LAKE BUENA VISTA, Fla. - He dresses next to Greg Maddux and Tom Glavine in the clubhouse, so it's reasonable to assume he knows the significance of following two of the greatest pitchers of this generation in the Atlanta Braves rotation.
"How I go is going to be pretty much how the team goes," said Kevin Millwood after pitching two perfect innings in his first start of the spring Monday. "Having Glavine and Maddux at the top of the rotation is nice, but the team is looking for me to do some good things and take some pressure off those guys."
The setting lacked ceremony - a chilly, drab afternoon at Disney's Wide World of Sports - but the game's importance wasn't lost on Millwood or the Braves. He needed to kick off his spring with a solid outing, and the team needed some reassurance that he deserved the No. 3 spot in the starting rotation ahead of Jason Marquis.
Millwood easily blew away the six Astros he faced in the Braves' 8-7 win, striking out cleanup hitter Richard Hidalgo with a nasty curve, and allowing the ball to escape the infield just once. His fastball was in the low 90s, and 12 of his 16 pitches were in the strike zone.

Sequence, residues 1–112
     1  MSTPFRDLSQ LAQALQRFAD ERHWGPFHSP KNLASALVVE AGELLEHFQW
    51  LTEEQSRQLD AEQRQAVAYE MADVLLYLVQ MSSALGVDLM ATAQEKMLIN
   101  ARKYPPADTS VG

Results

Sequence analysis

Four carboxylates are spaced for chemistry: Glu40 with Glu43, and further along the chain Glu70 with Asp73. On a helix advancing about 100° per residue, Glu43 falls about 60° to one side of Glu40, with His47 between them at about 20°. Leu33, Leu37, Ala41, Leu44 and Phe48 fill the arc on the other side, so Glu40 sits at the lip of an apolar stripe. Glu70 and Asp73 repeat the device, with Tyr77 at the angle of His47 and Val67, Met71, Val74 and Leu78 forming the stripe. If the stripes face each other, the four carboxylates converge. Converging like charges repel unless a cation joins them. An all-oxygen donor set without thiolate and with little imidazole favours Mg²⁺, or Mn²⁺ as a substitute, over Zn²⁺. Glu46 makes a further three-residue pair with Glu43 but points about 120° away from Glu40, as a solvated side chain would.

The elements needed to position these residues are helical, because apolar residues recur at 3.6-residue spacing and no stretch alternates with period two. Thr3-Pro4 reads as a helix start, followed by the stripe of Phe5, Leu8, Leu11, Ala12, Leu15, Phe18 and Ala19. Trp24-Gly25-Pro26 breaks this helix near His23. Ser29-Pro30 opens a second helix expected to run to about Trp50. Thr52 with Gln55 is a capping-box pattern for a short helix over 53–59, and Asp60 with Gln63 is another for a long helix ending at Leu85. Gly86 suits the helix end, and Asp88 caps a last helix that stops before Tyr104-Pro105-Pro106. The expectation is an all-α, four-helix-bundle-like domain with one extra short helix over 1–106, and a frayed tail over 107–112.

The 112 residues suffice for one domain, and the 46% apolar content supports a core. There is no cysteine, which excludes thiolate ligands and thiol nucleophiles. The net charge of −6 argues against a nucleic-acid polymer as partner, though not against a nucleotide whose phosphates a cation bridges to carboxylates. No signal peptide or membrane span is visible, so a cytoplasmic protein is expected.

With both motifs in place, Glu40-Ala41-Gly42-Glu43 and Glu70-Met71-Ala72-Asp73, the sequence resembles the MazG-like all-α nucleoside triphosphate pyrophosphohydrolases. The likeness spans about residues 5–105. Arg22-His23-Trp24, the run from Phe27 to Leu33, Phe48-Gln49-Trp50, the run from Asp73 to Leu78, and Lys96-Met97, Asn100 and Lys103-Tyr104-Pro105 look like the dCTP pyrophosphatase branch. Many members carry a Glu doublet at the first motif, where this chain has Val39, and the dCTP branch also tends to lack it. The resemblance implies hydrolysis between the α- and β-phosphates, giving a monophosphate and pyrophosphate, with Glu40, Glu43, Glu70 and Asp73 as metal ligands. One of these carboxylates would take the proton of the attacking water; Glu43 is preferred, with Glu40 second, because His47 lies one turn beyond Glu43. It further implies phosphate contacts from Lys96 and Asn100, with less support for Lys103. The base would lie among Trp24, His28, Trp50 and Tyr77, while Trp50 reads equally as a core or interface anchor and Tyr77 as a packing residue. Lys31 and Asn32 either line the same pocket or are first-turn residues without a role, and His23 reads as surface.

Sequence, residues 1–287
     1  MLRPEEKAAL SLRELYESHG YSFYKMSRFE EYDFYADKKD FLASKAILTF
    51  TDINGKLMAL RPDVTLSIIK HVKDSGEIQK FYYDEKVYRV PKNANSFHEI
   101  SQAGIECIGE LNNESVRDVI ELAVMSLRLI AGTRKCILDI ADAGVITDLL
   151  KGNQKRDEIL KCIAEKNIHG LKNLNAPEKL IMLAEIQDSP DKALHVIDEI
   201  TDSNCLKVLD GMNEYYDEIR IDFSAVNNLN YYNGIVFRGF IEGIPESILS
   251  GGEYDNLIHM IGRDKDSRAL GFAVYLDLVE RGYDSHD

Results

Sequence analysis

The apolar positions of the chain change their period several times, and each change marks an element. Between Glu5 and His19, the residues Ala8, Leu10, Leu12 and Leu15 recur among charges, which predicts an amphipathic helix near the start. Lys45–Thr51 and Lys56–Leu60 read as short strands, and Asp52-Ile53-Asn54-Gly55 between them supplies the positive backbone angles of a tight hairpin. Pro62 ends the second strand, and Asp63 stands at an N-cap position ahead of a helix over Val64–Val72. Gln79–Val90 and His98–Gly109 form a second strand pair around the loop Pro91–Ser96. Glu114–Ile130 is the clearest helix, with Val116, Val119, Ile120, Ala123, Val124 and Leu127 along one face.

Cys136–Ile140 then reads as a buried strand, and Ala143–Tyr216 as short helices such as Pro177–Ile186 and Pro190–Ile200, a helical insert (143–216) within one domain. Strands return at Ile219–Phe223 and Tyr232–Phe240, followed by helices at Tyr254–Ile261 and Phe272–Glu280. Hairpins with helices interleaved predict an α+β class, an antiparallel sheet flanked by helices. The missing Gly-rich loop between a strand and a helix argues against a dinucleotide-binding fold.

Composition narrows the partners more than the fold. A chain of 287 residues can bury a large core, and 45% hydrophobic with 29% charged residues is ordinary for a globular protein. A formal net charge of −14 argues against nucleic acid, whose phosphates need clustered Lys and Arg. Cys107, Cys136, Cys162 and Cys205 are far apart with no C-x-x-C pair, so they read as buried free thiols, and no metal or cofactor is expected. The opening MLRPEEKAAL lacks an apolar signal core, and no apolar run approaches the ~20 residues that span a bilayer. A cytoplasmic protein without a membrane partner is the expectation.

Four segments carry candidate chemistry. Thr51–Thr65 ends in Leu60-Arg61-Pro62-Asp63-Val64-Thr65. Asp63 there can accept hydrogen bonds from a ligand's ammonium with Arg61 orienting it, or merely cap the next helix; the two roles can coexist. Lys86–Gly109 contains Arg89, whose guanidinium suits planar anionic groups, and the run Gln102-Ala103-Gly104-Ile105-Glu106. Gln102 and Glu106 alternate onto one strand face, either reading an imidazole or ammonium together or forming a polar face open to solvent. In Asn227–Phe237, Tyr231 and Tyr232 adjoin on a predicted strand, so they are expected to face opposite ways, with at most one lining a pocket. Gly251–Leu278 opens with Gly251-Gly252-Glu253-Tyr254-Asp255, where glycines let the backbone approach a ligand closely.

"I didn't feel like I had to put forth much effort for the ball to come out good and have something on it," Millwood said. "If I had gone out and not had the control I had or given up a couple of hits it wouldn't have bothered me, but even so, this builds on my confidence. It was everything I was looking for."
The Braves were more concerned with how Millwood's right shoulder responded to the frigid conditions than his pitching line. He missed two and a half months last year with an inflamed labrum, but his shoulder responded to rest and treatment, and he won three of his four September starts to finish with a modest 7-7 record.
"He looks like the old confident Kevin to me," manager Bobby Cox said. "He was off last spring and it was pretty noticeable when he pitched. He looks better right now."
Millwood, who has won just 17 games the last two years after winning 35 games in his first two years as a starter, is throwing as well as he has since winning 18 games and limiting hitters to a major league-low .202 average in 1999. His fastball has good velocity. He is spotting it effectively and even when he misses with his curve, as he did with Hidalgo, it has enough bite to paralyze hitters.
"I got a pretty good reaction from him on it," Millwood said of Hidalgo's whiff. "He seemed to buckle a little bit."
Millwood has always thrown hard; he had 163 strikeouts in 1998 and 205 in '99. But when he didn't command his fastball in 2000, his walk total climbed to a career-high 62 and he allowed 213 hits in 212 innings.
The early returns are encouraging. Millwood says he is experiencing no pain in his shoulder, and the team is encouraged he can handle a 200-inning workload.
"There have been some expectations ever since '99," Millwood said. "But I don't think I have to go out and win 25 games for us to be a good team."
Reach Bill Zack at email@example.com.
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